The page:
Of course if you write off arithmetic, geometry, trigonometry, number theory, astronomy, calculus, optics and algebra as ancient superstitions, you can but await a revelation from the tin god in your computer.....

    But for the grammatical swipes at the authors, I would have ignored this, but the phrase "it gives no previous knowledge for granted." in the post is expressed by native English language speakers as "It takes no previous knowledge for granted."

    Dear ohwilleke,
    thanks for the note - I am always eager to learn from my English mistakes. The reason why I pound on authors on their exchanging Latin with French is that if one is embellishing one's writing with those expressions one has better know how to use them; there is a difference with my writing English here - most non-natives are forced to write English for professional reasons and there's no reason to mock them if they err.
    Lubos Motl says, "Most of the papers I wrote when I was in the publication career depend on SUSY in an essential way and that's true for all good high-energy physicists, too."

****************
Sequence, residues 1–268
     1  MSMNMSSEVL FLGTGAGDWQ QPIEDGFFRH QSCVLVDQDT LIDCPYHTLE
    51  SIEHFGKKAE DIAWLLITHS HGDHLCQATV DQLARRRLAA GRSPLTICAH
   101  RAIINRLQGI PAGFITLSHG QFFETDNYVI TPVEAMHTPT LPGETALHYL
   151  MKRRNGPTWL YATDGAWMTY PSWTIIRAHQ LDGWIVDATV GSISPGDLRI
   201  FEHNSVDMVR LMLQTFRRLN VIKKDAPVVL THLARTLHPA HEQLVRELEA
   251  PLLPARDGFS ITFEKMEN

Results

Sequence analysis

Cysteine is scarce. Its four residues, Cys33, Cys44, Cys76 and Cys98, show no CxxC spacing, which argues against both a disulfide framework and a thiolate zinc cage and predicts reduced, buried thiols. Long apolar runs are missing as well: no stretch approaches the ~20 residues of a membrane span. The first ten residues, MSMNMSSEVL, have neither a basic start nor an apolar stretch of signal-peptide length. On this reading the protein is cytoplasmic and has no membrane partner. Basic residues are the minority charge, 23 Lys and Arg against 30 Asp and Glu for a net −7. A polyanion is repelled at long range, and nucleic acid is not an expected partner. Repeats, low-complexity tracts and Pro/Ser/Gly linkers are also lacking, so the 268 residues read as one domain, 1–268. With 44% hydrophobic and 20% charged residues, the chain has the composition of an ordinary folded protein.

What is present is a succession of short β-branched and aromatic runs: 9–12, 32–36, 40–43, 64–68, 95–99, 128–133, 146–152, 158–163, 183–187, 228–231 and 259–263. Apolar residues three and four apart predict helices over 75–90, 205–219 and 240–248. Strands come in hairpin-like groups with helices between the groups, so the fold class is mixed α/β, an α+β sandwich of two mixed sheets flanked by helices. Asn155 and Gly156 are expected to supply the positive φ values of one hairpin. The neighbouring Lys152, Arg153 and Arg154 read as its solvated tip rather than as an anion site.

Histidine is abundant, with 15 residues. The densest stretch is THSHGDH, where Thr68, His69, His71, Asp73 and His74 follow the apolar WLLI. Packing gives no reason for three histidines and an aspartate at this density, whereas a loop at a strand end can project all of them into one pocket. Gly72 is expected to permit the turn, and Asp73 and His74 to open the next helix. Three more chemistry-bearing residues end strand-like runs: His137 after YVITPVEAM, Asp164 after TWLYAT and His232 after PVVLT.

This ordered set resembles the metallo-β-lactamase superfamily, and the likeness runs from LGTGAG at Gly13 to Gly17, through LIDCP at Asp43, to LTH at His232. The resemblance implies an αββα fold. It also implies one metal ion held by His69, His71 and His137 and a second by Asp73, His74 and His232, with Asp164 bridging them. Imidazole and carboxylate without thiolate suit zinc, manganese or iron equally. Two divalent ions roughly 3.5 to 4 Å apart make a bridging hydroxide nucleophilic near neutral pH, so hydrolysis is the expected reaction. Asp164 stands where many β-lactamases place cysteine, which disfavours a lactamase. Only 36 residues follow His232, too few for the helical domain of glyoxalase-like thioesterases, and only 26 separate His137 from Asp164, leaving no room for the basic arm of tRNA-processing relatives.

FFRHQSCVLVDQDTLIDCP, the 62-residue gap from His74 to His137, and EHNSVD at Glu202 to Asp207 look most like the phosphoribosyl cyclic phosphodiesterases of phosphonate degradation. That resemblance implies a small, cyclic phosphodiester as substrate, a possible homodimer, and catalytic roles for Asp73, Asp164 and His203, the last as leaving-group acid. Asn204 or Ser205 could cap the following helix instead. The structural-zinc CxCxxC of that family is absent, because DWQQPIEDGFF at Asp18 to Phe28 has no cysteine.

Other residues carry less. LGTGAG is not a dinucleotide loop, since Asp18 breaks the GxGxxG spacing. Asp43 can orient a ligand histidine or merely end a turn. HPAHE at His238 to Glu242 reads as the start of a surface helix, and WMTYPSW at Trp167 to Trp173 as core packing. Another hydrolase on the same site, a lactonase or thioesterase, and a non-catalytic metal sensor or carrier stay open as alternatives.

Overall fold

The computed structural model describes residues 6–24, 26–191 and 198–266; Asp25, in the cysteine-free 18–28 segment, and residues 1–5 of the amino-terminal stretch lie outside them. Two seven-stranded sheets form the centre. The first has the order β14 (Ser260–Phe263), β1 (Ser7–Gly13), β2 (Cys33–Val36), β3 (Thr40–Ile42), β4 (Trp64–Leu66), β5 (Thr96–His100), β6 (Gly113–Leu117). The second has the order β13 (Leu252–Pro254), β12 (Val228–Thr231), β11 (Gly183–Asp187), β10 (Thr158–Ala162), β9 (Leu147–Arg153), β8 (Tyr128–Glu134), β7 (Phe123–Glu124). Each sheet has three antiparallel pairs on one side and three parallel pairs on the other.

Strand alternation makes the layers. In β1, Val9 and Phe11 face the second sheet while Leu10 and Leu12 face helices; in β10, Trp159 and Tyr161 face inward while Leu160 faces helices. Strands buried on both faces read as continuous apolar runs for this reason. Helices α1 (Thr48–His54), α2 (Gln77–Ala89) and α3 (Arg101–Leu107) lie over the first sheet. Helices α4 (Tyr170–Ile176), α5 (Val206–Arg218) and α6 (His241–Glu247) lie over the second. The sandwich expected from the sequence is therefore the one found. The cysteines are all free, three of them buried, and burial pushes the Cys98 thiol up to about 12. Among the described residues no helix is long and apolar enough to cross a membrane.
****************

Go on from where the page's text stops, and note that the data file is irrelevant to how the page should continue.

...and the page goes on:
Dear Lubos, the expression "publication career" is a neologism; it does not exist outside your post. There is a good reason for this: there is no other kind of career. If you don't publish, then you don't exist. As you should know better than anyone.
    As for the main point of your post: when you grow up, you will realise that there is a vast gulf fixed between that which should be, and that which actually is. It may be true that a failure to discover SUSY at the LHC *ought* not to dismay enthusiasts. But in the real world, I can assure you that, in that case, the careerists who really determine the future of physics will desert SUSY faster than a failed physicist can generate an ad hominem. You can see the street-smart among them making preparations already, eg Nima AH.

    There are two 'faces' of supersymmetry, between which you are (apparently) failing to see the distinction:

    1. Supersymmetric theories are more constrained, and hence easier to calculate in, than typical non-supersymmetric theories. This makes supersymmetry a useful tool for studying, for example, strongly-coupled gauge theories, or quantum gravity.

    2. The addition of N=1 supersymmetry, broken at the weak scale, solves the hierarchy problem of the standard model.

    The LHC can teach us that point two above has nothing to do with nature, but it can't detract from the usefulness of supersymmetry outlined in point one. Lubos was referring to point one, as he made perfectly clear by saying that he has never been a phenomenologist, and you answered him by referring to point two.